The English courts have reasserted their authority over international disputes implicating global banking giants over the past year with key rulings involving JPMorgan's duty to prevent fraud in Nigeria, the rights of Tesco shareholders using digital exchanges and the future of bitcoin as an asset. Here, Law360 looks back at the biggest decisions of 2019 in the U.K.
Six international arbitration lawyers from Freshfields Bruckhaus Deringer LLP, White & Case LLP, Herbert Smith Freehills LLP, Blackstone Chambers and Clyde & Co. LLP are among the 114 new Queen's Counsel who will formally become silks in March.
The Royal Bank of Scotland has taken aim at five insurers who wrote computer fraud polices for one of its subsidiaries, saying it is owed more than £24 million ($31.3 million) for losses caused by Bernard Madoff’s investment vehicle.
Europe’s top banking watchdog has found that banks and regulators in the region are sticking to its strict rules about singling out and keeping a close eye on staff members who could dramatically increase the level of financial risk the institution is carrying.
The past week in London has seen a tech company sue an online football stock exchange, a number of seafood distributors and their insurers sue cargo company Maersk, and several hotels add to Visa and MasterCard's swipe-fee class action woes. Here, Law360 looks at these claims and more.
A former Barclays executive accused of fraud testified Friday that his jokes about avoiding prison because of the bad food and "worse sex" while organizing a crucial cash injection from Qatar during the financial crisis were “shorthand” for ensuring the transaction was legal.
Six in 10 defined benefit pension schemes are in deficit with a total funding shortfall of £160 billion ($208 billion), a report warned on Friday, as the sector's regulator prepares to introduce new rules to intensify scrutiny.
A global standard-setter for securities markets has called for the world’s watchdogs to follow the European Union’s lead by mandating that all trades must be recorded based on universally synchronized clocks.
A former Barclays executive accused of fraud denied discussing dishonest ways to pay extra fees to Qatar to secure emergency funding from the Gulf state during the financial crisis, testifying Thursday he was “brainstorming” ideas he believed provided “commercial value” to the bank.
A judge said on Wednesday that it is too late for a hedge fund to amend its defamation claim against a broker to include allegations that the broking company owner called the fund a "sinking ship," as he refused to widen a dispute over unpaid fees.
Britain’s bankruptcy compensation program said Thursday that banks and insurers must hand over £635 million ($829 million) to pay for redress to consumers in the year to March 2021, a rise of £87 million from the money they paid for 2020.
A former executive at Citigroup in London has won an age discrimination case against the U.S bank, after a tribunal ruled he had been unfairly dismissed after being told he was "old and set in your ways."
Prosecutors demanded on Thursday that a former Nigerian politician jailed for stealing millions from the public purse should return approximately £117 million ($152 million) he allegedly siphoned off to fund a lavish lifestyle abroad.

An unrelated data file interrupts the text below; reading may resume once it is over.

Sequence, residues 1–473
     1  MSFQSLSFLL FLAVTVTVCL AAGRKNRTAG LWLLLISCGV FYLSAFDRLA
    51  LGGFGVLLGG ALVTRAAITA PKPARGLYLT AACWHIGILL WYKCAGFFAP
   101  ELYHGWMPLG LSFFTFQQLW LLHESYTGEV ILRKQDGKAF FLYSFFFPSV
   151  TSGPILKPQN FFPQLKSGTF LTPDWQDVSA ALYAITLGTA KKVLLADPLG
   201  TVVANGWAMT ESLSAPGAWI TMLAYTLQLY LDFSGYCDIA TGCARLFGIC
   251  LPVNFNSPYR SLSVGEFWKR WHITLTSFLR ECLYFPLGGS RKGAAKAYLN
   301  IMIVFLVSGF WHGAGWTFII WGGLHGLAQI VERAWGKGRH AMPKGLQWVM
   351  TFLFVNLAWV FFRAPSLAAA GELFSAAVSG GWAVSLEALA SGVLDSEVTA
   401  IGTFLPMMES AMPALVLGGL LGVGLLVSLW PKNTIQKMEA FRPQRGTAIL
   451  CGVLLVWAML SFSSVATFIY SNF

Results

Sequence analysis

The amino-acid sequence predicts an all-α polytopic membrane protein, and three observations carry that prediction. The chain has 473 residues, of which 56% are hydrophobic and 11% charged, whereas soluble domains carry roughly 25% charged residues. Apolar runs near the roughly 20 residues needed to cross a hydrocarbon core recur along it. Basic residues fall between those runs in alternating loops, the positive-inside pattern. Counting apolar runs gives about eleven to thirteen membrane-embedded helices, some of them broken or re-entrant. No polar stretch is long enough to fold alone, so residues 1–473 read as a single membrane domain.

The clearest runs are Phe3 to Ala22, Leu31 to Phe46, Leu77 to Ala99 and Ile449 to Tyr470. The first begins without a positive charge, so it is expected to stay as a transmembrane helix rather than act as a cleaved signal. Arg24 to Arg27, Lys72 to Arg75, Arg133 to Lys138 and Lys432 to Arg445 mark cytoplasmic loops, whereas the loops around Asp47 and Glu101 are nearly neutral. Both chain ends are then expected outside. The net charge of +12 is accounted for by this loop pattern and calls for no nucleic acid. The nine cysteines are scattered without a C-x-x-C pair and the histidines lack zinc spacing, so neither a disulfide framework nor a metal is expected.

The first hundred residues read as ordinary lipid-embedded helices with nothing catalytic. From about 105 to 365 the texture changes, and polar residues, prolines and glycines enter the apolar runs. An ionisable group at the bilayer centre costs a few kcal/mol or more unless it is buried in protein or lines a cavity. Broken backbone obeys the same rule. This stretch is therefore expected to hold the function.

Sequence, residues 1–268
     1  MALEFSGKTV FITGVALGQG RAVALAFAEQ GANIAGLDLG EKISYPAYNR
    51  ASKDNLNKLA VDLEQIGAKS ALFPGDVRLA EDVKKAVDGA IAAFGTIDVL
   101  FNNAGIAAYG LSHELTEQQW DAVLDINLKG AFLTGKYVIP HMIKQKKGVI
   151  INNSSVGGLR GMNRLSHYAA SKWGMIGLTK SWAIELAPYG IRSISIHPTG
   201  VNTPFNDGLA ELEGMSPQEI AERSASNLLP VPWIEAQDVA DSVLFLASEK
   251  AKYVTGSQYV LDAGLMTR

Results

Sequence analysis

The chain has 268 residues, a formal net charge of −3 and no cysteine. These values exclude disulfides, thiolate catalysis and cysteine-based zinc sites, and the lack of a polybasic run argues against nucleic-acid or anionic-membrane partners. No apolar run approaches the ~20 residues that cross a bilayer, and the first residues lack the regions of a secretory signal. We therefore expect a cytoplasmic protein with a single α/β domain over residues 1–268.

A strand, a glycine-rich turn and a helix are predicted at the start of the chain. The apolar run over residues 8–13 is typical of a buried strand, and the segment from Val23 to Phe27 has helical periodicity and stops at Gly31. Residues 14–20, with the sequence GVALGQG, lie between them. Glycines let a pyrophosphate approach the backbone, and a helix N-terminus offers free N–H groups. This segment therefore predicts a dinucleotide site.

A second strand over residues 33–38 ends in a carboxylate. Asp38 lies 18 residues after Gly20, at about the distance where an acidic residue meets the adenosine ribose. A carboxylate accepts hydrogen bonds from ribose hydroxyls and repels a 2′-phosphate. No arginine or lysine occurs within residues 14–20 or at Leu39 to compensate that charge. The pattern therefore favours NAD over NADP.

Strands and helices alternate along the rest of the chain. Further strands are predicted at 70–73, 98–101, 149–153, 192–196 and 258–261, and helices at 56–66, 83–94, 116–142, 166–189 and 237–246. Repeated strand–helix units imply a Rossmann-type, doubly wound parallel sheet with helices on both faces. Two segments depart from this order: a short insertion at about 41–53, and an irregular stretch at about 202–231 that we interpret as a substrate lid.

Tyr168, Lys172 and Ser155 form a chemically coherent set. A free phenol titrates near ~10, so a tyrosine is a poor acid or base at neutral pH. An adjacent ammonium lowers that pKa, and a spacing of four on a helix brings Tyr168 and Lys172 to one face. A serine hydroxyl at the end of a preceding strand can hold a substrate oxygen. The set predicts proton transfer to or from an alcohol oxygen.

More than 130 cases of suspected “phoenixing” have been passed to the Financial Conduct Authority, Britain's compensation fund said Thursday, as regulators tackle the problem of advice companies that disappear from view and then rise from the dead
Banks and insurers must act now to move away from the scandal-hit Libor benchmark interest rate, British financial watchdogs said Thursday, as they set out milestones that companies should hit in 2020 or face potential regulatory action.
Societe Generale SA has cut a deal to settle part of the massive Libor-rigging litigation investors have leveled against more than a dozen big banks, although no specifics on the agreement were provided.
A High Court judge on Wednesday threw out Force India Ltd.’s defense to a €5 million ($5.5 million) claim from Qatar National Bank over outstanding loan payments and the sale of a luxury yacht after the Indian company failed to show up for trial.
A London judge on Wednesday scrapped an upcoming trial over whether a Russian banker's ex-wife can profit from the sale of a £9 million ($11.7 million) house in the country's capital because of her "casual" approach to disclosing her bank accounts.
The European Commission gave its blessing to the $85 million sale of a subsidiary of Piraeus Bank to competitor Eurobank on Wednesday, finding the lenders did not break the rules on Greece's financial bailout by missing a deadline to complete the deal.
A judge ruled on Wednesday that two private investigators were in contempt of court for failing to hand over details about confidential information they unlawfully disclosed about a Tanzanian bank, whose owners had been their clients and who had been hit with money laundering allegations.
The Central Bank of Ireland said Wednesday that it will strengthen its safeguarding of customers of banks and insurers by reviewing its consumer protection code over the next year, after revelations in 2019 showed poor conduct in the national markets.
Market-maker Citadel Securities is suing a London rival and five of its executives in the High Court over allegations they stole a secret trading strategy that cost the company more than $100 million to develop.
Brown Rudnick LLP has lured a new partner to join its litigation and arbitration practice who will focus on group litigation and class actions, the law firm said.
Banks and insurers must pay £78.2 million ($101.7 million) to fund the operations of the U.K.’s bankruptcy compensation scheme for the 12 months from April, the country’s finance regulators said Wednesday.